Salina Myat – ‘Classical music: what’s in it for young people?’

A runner-up entry in the 2017 CutCommon Young Writer of the Year Competition



This blog awarded Salina Myat a runner-up place in the 2017 CutCommon Young Writer of the Year Competition. It responds to the entry question, Classical music: what’s in it for young peopleWe publish this story as part of our Young Writers’ Month.


When people ask me what I do for a living, it feels very self-indulgent to tell them that I study classical music. Young musicians like myself have been brought up in STEM-centric education systems where the arts are seen as an unessential luxury; government funding cuts worsen the situation.

Those of us still willing to follow through with music had better build a fortress that is strong enough to withstand the inevitable ‘starving artist’ jokes and incessant questions of pragmatism. We’re all taught extreme discipline and hard work, but in a bull-headed all-or-nothing kind of way that seems to aggressively emphasise the success of the individual (probably as a logical reaction to the bleak reality of job prospects).

To be a successful musician these days, it seems you have to market your ‘product’ in a way that appeals to as many patrons as possible; programming concerts with the primary agenda of satisfying an audience, prioritising instant gratification over meaningful engagement. Either that, or we retreat into our evermore shrouded niches of intellectual obscurity – still a non-ideal anti-reaction to the same problem: we’ve focused our endeavours too specifically on gaining recognition and/or success.

Surely there’s more to this art than the pursuit of personal glory

Even though there will always be a place for classical music in our society, the personal sacrifice of endorsing it has grown too heavy for many to bother. Caught up in an increasingly achievement-minded world that rewards tangible productivity, we’ve perhaps lost sight of why it might have meant so much to us in the first place. Surely there’s more to this art than the pursuit of personal glory. Otherwise, what more is it than a private party for the privileged?

Certainly on a daily basis, it’s far too exhausting to confront the question of why we do what we do past the fundamental reason of ‘liking it’. When we step into a practice room as part of our daily routine, we focus solely on the short-term goals of that session: note-perfect scalic passages, that frustrating duple/triple cross-rhythm, getting a nice tone whilst maintaining the accuracy of the notes. But technical proficiency is just a means to an end – a tool to enable creative expression. And that’s why it’s essential to be grounded in our creative purpose, whatever it may be. If nothing else, whypower is a more sustainable source of motivation than willpower alone. Without this, it’s easy to forget that we don’t do the grunt work just for the sake of being technically superior, and therefore more professionally employable. We obsess with networking, realising that ability is only half the equation of success; the other half being who you know. We’ve probably evolved this way to keep our heads above the water, but have taken it so far that it masks the essence of what we do with politics and competition. The intellectual value of the artistic process is easily overlooked when we constantly manufacture ‘end-goals’ to chase after. Even though the notion of collaborative art is promoted, how can we genuinely believe in it when we are taught to focus our efforts towards ‘winning’ auditions and submissions in which there is only space for a select few?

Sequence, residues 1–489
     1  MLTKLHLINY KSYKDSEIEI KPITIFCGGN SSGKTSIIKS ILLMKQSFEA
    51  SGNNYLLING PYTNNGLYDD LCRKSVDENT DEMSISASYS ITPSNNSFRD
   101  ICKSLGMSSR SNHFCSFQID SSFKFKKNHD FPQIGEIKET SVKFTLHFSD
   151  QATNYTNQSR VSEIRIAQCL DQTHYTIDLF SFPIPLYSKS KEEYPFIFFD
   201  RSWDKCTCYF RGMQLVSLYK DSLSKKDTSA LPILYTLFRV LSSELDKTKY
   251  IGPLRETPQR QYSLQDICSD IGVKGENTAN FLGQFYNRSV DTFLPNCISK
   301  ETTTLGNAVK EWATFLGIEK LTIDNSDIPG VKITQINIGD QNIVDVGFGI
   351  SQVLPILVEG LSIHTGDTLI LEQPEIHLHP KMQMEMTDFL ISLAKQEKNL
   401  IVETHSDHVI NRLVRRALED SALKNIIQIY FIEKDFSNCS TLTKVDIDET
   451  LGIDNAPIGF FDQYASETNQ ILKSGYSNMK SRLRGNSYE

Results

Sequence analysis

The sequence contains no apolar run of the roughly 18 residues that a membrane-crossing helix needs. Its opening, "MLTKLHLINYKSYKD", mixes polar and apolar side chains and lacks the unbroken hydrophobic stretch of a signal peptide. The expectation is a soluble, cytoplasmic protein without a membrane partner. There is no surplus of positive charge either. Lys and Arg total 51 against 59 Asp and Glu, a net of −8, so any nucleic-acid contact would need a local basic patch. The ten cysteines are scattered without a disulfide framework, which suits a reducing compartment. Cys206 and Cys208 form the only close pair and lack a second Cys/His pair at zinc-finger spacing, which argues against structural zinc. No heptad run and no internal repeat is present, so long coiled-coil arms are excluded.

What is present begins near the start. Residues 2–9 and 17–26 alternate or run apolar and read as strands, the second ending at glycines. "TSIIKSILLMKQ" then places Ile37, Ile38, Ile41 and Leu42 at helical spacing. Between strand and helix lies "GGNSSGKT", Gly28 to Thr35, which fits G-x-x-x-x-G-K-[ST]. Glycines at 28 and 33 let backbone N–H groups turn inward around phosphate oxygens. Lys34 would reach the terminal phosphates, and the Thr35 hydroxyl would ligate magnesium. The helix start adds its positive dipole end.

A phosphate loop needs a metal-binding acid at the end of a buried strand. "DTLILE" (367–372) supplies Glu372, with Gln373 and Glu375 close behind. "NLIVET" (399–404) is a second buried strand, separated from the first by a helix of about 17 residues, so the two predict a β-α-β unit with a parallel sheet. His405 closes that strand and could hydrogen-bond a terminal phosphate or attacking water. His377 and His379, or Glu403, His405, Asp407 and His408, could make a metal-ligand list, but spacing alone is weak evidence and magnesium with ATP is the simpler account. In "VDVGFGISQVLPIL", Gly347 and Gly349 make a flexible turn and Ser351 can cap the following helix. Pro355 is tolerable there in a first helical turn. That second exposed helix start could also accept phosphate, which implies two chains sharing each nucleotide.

Classical music could be a greater asset now more than ever

Maybe we need to shift our entire mindset in order not to be paralysed by the question of whether or not we will ‘make it’, or what’s in it for us if we don’t. Too readily we become disillusioned by the reality that unless you are exceptional, you will probably end up having to settle for much less. We might only manage to involve ourselves in second-rate commercial music jobs that don’t feel genuinely fulfilling to us. In this case, why bother at all? Maybe the answer is to avoid the question altogether, and consider instead what we can contribute creatively. Rather than adapt too literally to a world of automation and instant gratification, shouldn’t we be more secure in the fact that creative careers are the only thing we have left to celebrate our existence in a way that is truly separate from mechanisation? Classical music could be a greater asset now more than ever.

There have been many times I’ve come close to giving up entirely because I was stuck in the futility of not being good enough. I realise now that I was just trying to indulge my ego instead of immersing myself in classical music in a way that creates meaning. Maybe the real question to ask then isn’t ‘what’s in it for us?’, but rather, ‘what can we give?’. To have a convincing answer to this question might just be enough.


About Salina Myat, runner-up

Salina is studying her second year at the Sydney Conservatorium of Music. She majors in percussion performance, after having spent a year training in composition. Salina says: “I still struggle to be decisive about my specialisation; I’m genuinely passionate about both composition and performance, but realise how difficult it is to maintain both at a high enough standard. I think it’s important to write about what we do in a way that might prompt a more open-minded reception of classical music, and create a better platform for us to exist within. I have no formal experience of music or arts journalism so this is an exciting opportunity that I’m very grateful for.”

Check back in as we continue to showcase talented young musicians responding to this question throughout CutCommon Young Writers’ Month.


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